Recombinant viruses expressing GUS were prepared, and the number of plaques expressing GUS genes was counted. In order to accomplish this, firstly, 100 ng of the pEntr_GUS gene cassette containing GUS genes and 200 ng of each of the viral DNA of Bsu36I-treated vBacHTS, vBacHTS_His or vBacHTS_HisGST were reacted in the presence of 4 μl of integrase mixture comprising integrase, exisionase, IHF-α and IHF-β at 25° C. for 6 hours. The resulting mixture was transferred to Sf21 cells together with lipofectin (Life Technologies, Inc., Maryland, U.S.A.) to generate recombinant baculoviruses. Plaque assays were carried out for the viral culture medium. On the other hand, in order to detect productivity of the recombinant viruses, a 4-day viral culture medium was dilated and transferred to insect cells. Subsequently, the cells were incubated for 4 days after adding medium containing 1% low-melting point agarose thereto. The number of plaques expressing GUS genes were counted after 4 days visible from the addition of 100 μl of 0.33% neutral red water solution and 25 μl of X-Gluc (20 mg/ml in DMSO) and afer subsequent dye treatment (see Table 4).

TABLE 4
The efficiency of GUS recombinant viral expression.
Recom-
Virus DNA Bsu36I gene cassette Total binant rate %
BacPAK6 yes pBacPAK8 46 41 89%
EGFP
VbacHTS pEntr GUS 28 25 89%
VbacHTS yes pEntr GUS 57 57 100%
VbacHTS His pEntr GUS 44 36 82%
VbacHTS His yes pEntr GUS 46 45 98%
VbacHTS HisGST pEntr GUS 82 57 70%
VbacHTS HisGST yes pEntr GUS 32 32 100%
VbacHTS GFP pEntr GUS 27 22 81%
VbacHTS GFP yes pEntr GUS 21 20 95%

As a result, most of the plaques represented blue color when they were treated with X-Gluc, which supported that the efficiency of GUS viral generation was very high in comparison to the prior art.

Example 9 High-Throughput Preparation of Recombinant Viruses in Multi-Well Plate

Desired recombinant viruses were prepared simultaneously from a multi-well plate. For this purpose, the vBacHTS viral DNA was treated with Bsu36I restriction enzyme. In this study, a GFP gene cassette was employed to confirm the generation of recombinant baculoviruses and gene expression. The GFP gene cassettes were incubated in a 96-deep well plate simultaneously and purified using an automatic device. All the processes were carried out in the multi-well plate. The recombination reaction, insect cell incubation, and viral infection were performed using an 8-channel pipette. About 50 ng of the gene cassette and 200 ng of vBacHTS baculoviral DNA were reacted in the presence of 2 μl of recombinase and 4 μl of buffer at 25° C. for 12 hours. A total of 20 pt of reaction mixture was used in this reaction. In order to detect the insertion of the gene cassette, PCR amplification was performed using primers for polyhedrin locus amplification.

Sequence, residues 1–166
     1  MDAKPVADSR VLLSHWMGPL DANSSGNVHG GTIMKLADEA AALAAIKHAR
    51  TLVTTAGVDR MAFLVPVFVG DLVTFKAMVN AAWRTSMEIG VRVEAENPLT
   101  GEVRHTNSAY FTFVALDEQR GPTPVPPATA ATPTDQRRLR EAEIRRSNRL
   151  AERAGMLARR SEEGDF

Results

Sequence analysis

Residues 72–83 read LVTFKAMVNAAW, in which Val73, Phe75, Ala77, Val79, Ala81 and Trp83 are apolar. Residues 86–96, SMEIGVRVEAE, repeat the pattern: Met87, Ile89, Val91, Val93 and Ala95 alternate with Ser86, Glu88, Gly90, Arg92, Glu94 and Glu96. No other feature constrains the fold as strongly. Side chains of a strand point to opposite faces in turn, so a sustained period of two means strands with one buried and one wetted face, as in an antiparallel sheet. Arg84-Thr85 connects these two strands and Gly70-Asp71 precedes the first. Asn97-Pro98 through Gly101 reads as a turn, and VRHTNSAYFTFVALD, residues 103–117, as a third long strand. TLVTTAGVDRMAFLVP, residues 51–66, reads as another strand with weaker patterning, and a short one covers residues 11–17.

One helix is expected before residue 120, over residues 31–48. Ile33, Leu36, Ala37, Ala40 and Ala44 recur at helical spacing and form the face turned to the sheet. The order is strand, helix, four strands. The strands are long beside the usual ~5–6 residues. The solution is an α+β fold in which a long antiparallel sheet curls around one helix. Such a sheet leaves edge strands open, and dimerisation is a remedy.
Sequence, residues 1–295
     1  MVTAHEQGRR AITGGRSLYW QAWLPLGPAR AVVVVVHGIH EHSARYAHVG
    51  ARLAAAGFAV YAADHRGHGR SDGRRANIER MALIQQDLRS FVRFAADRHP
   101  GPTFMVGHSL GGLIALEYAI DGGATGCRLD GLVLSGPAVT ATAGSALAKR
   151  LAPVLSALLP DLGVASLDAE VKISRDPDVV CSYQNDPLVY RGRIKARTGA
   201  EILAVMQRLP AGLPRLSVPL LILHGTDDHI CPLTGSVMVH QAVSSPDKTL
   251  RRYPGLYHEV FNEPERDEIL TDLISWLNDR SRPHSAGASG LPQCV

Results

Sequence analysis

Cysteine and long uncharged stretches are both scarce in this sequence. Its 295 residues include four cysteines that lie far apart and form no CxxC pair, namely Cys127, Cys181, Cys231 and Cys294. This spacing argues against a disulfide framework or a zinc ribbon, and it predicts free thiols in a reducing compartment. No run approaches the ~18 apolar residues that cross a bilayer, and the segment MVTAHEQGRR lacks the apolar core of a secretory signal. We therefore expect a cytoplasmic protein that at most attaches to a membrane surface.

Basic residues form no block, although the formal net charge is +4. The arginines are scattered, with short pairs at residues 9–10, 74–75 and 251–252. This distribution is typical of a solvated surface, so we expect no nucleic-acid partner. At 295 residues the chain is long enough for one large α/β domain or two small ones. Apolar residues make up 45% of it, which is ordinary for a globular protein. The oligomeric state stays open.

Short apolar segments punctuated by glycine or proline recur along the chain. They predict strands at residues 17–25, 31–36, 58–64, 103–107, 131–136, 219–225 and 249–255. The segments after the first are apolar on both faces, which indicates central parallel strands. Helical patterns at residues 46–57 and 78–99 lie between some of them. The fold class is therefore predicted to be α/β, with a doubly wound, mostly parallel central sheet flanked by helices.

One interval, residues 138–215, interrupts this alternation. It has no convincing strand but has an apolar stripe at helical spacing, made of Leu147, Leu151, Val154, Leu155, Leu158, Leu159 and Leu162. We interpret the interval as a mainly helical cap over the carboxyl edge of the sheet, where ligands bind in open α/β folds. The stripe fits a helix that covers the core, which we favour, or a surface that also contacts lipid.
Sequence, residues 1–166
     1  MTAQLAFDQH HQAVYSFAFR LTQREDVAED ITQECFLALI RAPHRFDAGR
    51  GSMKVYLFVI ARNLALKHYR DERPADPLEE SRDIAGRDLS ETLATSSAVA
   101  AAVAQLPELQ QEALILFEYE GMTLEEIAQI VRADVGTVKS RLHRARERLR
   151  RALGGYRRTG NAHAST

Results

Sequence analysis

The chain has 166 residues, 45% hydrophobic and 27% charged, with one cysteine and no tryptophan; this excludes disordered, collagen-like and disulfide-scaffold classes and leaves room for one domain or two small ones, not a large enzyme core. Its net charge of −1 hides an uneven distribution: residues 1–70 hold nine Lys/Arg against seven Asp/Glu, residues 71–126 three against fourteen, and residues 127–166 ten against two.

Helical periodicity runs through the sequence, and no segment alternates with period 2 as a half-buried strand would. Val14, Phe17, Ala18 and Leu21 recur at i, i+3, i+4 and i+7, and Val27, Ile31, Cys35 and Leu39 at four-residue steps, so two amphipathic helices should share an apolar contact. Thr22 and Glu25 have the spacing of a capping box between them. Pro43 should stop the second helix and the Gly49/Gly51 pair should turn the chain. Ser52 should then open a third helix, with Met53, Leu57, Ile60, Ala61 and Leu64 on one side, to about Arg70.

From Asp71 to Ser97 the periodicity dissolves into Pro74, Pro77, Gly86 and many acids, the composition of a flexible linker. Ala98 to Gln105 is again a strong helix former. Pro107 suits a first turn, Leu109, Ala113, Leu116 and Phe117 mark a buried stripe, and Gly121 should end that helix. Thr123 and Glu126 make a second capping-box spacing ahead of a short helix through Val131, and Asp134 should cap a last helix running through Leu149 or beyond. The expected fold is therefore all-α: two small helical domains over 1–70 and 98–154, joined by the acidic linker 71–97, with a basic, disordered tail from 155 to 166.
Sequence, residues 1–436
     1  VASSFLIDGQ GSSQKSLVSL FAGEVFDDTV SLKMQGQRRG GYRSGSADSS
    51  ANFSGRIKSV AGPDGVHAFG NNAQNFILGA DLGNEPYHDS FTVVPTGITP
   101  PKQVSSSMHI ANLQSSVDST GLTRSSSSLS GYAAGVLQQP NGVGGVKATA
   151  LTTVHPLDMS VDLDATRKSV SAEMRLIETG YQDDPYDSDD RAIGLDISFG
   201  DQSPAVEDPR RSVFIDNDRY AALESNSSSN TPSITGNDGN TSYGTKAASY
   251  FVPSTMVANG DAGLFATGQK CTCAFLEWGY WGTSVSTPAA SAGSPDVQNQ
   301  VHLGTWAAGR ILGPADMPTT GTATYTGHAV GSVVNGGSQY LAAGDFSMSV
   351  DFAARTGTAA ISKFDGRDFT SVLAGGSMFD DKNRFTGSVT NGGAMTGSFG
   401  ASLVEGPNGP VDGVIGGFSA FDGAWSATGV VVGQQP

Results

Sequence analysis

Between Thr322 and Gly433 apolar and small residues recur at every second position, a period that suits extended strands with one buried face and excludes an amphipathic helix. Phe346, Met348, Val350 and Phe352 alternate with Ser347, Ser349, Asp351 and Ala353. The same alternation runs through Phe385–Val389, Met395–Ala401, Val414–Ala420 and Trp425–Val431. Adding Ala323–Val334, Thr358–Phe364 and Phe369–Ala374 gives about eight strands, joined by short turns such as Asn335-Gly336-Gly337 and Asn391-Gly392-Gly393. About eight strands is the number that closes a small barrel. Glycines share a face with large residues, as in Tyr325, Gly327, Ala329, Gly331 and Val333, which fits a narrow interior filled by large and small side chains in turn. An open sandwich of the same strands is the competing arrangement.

Baculo-Forward primer: 5-actgttttcgtaacagttttg-3 (SEQ. ID No.: 6)

Baculo-Reverse primer: 5-acaacgcacagaatctagc-3 (SEQ. ID No.: 7)

As a result, recombinant viral DNA was generated with very high efficiency. Meanwhile, liposome was prepared by mixing 5 μl of the recombinant reaction mixture with 5 μl of 10% lipofectin dilates, which in turn was transfened to 50,000 of Sf21 cells in a 96-well plate (SPL) followed by the incubation of the cells for 4 days. Protein expression was assayed after a 3-day incubation of 50,000 of the Sf21 cells that were infected again with 10 μl of viruses. As for GFP viruses, the expression of green fluorescence was detected under the fluorescence microscope. And, the exhibition of symptoms of GFP viral infection was detected also. The cells were isolated from each of the wells with SDS-PAGE, and the expression of GFP was assayed using GFP-antibody with western blot. With regard to GFP proteins, the measured value showed a similar pattern as detected under the fluorescence microscope (see FIG. 22).